Ever wanted to dress up your chicken? Well, if you have a rooster, then you have the perfect excuse! This chicken saddle tutorial is simple, stylish and useful!
Why Chicken Saddles are Useful
Roosters will sometimes pick favorite hens and then lavish all their attention on that hen. This will often cause the hen to have broken or missing feathers on her back, maybe even bare skin or bloody spots! Chicken saddles are a great way to help protect the hen’s back and not disrupt any natural chicken behaviors.
My black Copper Maran hen, Myrtle, is an obvious favorite of one of my roosters. You can see the missing feathers on her head. That is where the rooster would grab her feathers to keep himself on top of her. Her wings show spots where the rooster’s claws (or spurs) pulled out some of the feathers. The light brown chicken saddle that she is wearing is protecting her back feathers from getting pulled out as well!
Chicken Saddle Tutorial
- 1/4 yard of fleece
- 13 inches of 1/8 of an inch wide elastic
- sewing machine
- fabric scissors
- free printable chicken saddle pattern
Instructions: Print off the chicken saddle pattern. Cut it out and pin it onto the fleece. Cut it out of the fleece with your fabric scissors and take the pattern off. Sew around the entire saddle using 1/4 inch seam allowance. Cut your elastic into 6 1/2 inch pieces. Sew one end of each of your elastic pieces on to the top of the chicken saddle as indicated on the pattern. Sew the other end of each elastic piece to the sides of the chicken saddle as indicated on the pattern. Make sure you backstitch several times across both ends of the elastic pieces. This will keep the elastic securely fastened to the chicken saddle.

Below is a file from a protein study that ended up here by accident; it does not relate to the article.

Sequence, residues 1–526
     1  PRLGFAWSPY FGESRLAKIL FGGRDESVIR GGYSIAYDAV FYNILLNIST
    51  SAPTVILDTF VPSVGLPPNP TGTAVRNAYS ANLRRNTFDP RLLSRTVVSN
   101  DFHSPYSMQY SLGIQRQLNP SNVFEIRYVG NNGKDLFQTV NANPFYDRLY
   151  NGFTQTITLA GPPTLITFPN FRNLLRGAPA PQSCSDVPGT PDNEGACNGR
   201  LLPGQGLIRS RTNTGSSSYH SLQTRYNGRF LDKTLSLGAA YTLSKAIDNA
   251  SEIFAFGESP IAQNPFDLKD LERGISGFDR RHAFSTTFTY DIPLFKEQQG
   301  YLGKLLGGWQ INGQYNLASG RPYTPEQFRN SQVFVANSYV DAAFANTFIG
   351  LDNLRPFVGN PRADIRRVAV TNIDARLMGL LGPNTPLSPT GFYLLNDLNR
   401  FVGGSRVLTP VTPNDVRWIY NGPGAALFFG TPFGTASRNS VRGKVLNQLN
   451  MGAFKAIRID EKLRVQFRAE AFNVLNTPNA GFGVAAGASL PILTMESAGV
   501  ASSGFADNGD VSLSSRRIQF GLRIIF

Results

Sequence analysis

This chicken saddle pattern is designed to fit large chicken breeds like black Copper Marans, Black Sex Links, and Amaraucanas. To make chicken saddles that fit smaller breeds, you may need to shorten the elastic pieces and the length of the chicken saddle.
Using the Chicken Saddle
To put the chicken saddle on a hen, first hold the bird still (either on the ground or by holding the hen in one hand and supporting her against your body). Then slide one elastic strap over one wing, keeping the wing in the natural folded position. Make sure the elastic sits properly around the wing shoulder and does not bend or fold any feathers. Do the same with the other strap and other wing. The hen may not like the chicken saddle at first and may try to preen it off. Most hens will get over it though and pretty soon they won’t even bother with it on their back. The nice thing about these fleece saddles is that, if they get really dirty, you can just throw them in your washer and have a nice clean saddle again!
If your hen(s) look like my hen Myrtle, it may be a good idea to separate the rooster and give the ladies a break. How long it takes the feathers to grow back in depends on the bird’s molt cycle. After each molt, blood flow will slowly be cut off from the feather follicles since they no longer need to grow. If the feathers were pulled after the blood supply has stopped, then the feathers will not grow back in until the bird’s next molt. If the feathers were pulled while there was still blood supply, then you may need to stop some bleeding (I had to do this for my hen Myrtle). After the bleeding is stopped, hopefully the feathers will begin to re-grow.
Your hens will thank you for the protection and you will have a happy and nice looking flock once again!